"I went back to Ohio, but my city was gone. There was no train station. There was no downtown" —The Pretenders
3503 Trabue Road, Columbus, OH 43204 (map); 614-488-0110; johnniesbythetrack.com
Cooking Method: Griddled
Short Order: Burger lives up to its name—supersized and super tasty
Want Fries with That? Sure, crispy and golden. Try the rings too.
You have to feel for Chrissie Hynde. First, conservative firebrand Rush Limbaugh uses her song "Ohio" as the theme for his radio program, and now the same song is being quoted on a hamburger blog.
Hynde was an ardent critic of the Bush administration and recently opened an Italian vegan restaurant in Akron, Ohio (tortuously called The VegiTerranean). But liberal or conservative, vegan or carnivore, the sentiments of her song ring true—there is a tension between progress and tradition.
Hynde song addresses the "malling" of America—replacing neighborhoods with unique houses and Mom and Pop stores with gated, prefab housing developments and strip malls with national chains. Our suburban landscapes threaten to look like the background of a chase scene in a Hanna-Barbera cartoon—the same scene replayed on an endless loop. It is an America that does not have much use for independently owned businesses—even those that have been around since 1948, like Johnnie's Tavern in Columbus, Ohio.
Johnnie's Tavern has remained a family-run business since its inception. Founder and family patriarch Dominic Lombard and creator of the the "super Johnnie burger" worked at Johnnies every day until his death in 2006 when he was 94-years-old. His son John now runs the place, insuring that it will last at least another generation.
At its heart, Johnnie's is a neighborhood bar with a pool table and the promise of Ohio's "coldest beer." But what you don't normally see at such places is families coming in with small children to eat food and drink little more than root beer.
The burger at Johnnie's is "super" in every sense of the word. It is certainly super sized, so massive that it comes cut in half and skewered with toothpicks to hold it together—otherwise, you would need to use three hands to hoist the hefty sandwich. Truth be told, giant burgers are rarely good, especially when they cost as little as the $6 that Johnnie's charges. But this burger is spectacular: It achieves a surprising synergy given its heft, but there is a careful layering of texture and flavor. The bun is a pillow-soft, seeded affair that does an admirable job of containing the enormous, over half-pound patty of fresh ground chuck.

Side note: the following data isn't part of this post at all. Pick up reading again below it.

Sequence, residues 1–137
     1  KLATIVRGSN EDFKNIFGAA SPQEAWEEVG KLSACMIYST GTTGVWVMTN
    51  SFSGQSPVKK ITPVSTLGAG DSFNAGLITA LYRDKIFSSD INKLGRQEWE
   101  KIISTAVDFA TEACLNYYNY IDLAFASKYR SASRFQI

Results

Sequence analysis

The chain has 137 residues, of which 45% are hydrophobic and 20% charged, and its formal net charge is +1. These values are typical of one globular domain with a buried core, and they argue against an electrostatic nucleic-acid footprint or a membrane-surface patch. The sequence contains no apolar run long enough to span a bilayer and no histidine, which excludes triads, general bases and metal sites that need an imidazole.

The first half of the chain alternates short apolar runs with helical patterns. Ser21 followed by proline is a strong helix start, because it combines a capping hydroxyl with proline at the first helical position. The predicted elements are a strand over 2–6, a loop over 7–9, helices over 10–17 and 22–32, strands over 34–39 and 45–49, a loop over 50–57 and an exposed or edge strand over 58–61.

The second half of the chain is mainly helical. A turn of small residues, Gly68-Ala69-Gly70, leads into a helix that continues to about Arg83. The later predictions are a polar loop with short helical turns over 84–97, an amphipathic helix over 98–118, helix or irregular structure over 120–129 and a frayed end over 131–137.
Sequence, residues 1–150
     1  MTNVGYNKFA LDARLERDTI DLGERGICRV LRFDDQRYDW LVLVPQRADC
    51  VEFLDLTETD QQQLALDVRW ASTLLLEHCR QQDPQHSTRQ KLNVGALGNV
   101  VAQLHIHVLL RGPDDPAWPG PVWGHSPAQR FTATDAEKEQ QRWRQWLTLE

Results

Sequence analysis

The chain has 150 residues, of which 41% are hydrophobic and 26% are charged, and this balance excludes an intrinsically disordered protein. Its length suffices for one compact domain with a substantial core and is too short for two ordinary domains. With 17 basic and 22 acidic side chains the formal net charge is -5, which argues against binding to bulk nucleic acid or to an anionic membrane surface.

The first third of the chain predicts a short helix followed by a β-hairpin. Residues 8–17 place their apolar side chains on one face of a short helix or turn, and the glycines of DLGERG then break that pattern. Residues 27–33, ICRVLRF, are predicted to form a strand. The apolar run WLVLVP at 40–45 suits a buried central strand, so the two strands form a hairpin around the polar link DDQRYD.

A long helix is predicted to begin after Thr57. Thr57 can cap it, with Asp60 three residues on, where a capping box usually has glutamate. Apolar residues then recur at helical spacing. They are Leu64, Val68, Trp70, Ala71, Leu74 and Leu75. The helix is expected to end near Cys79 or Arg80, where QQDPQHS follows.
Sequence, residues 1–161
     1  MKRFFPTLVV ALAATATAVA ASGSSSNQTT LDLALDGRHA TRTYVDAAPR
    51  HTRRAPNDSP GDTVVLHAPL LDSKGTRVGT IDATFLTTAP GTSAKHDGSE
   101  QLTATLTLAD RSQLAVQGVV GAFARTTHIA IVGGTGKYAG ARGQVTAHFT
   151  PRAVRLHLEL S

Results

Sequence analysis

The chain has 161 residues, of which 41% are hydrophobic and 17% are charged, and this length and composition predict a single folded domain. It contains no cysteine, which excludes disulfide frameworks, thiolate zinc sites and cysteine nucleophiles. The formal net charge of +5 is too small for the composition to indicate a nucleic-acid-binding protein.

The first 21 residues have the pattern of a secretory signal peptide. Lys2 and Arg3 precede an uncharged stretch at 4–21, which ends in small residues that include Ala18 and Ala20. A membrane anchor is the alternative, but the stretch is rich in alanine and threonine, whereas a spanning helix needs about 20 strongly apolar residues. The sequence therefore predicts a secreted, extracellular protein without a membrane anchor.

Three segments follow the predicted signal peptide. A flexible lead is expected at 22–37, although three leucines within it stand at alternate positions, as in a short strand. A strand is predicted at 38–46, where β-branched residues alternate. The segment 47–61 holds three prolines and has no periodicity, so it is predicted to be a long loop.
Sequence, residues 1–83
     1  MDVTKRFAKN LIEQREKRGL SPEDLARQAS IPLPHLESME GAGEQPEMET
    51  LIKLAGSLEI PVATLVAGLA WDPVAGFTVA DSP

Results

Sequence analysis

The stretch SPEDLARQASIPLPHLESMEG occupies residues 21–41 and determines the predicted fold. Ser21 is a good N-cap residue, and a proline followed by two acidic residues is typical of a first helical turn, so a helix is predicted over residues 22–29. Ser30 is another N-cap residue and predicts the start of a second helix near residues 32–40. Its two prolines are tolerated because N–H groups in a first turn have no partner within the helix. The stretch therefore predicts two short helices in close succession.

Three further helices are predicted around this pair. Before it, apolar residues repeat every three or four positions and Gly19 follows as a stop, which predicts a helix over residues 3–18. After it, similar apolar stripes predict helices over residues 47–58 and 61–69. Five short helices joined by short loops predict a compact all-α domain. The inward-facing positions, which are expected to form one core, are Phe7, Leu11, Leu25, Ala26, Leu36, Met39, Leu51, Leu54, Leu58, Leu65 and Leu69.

When I requested the burger rare, the waitress expressed skepticism that it would be so. Indeed, it was not—there were some hints of pink, but it was mostly beyond medium. Despite being cooked almost all the way through, the beef, although not unduly juicy, remained moist throughout. It was a touch underseasoned, but had a respectable flavor.
I love rare burgers not only because they offer a different flavor than fully cooked meat, but also because of the textural contrast rareness imparts. The overcooked burger's mono-textural profile was not an issue when topped with molten cheese and the fresh and vibrant rabbit food. I wondered how it would fare without all of the toppings that come standard—lettuce, tomato, pickle, onion—and decided that it probably benefited from the additions. Served unadorned, it might be a bit bland. Big burgers cooked all the way through need a bit of help, which it probably where all these toppings came from in the first place.
When I fret about the seemingly ceaseless encroachment of corporatism over independently owned business, I remind myself of the burger at Johnnie's Tavern and I feel better. No fast food, fast casual, or even upscale chain can make a burger that comes anywhere close to what Johnnie's Tavern produces. While the hamburger is a universally appealing dish, it is the individual expression of it that makes it so, not that you can get the same one at every mall in America. If you find yourself in Columbus, I recommend you stop off at Johnnie's Tavern. Hopefully it will still be there, warding off the development of a strip mall.